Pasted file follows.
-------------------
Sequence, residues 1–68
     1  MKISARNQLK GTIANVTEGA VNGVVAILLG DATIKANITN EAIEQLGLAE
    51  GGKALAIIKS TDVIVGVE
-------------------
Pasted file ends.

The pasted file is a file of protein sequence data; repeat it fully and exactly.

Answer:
Sequence, residues 1–68
     1  MKISARNQLK GTIANVTEGA VNGVVAILLG DATIKANITN EAIEQLGLAE
    51  GGKALAIIKS TDVIVGVE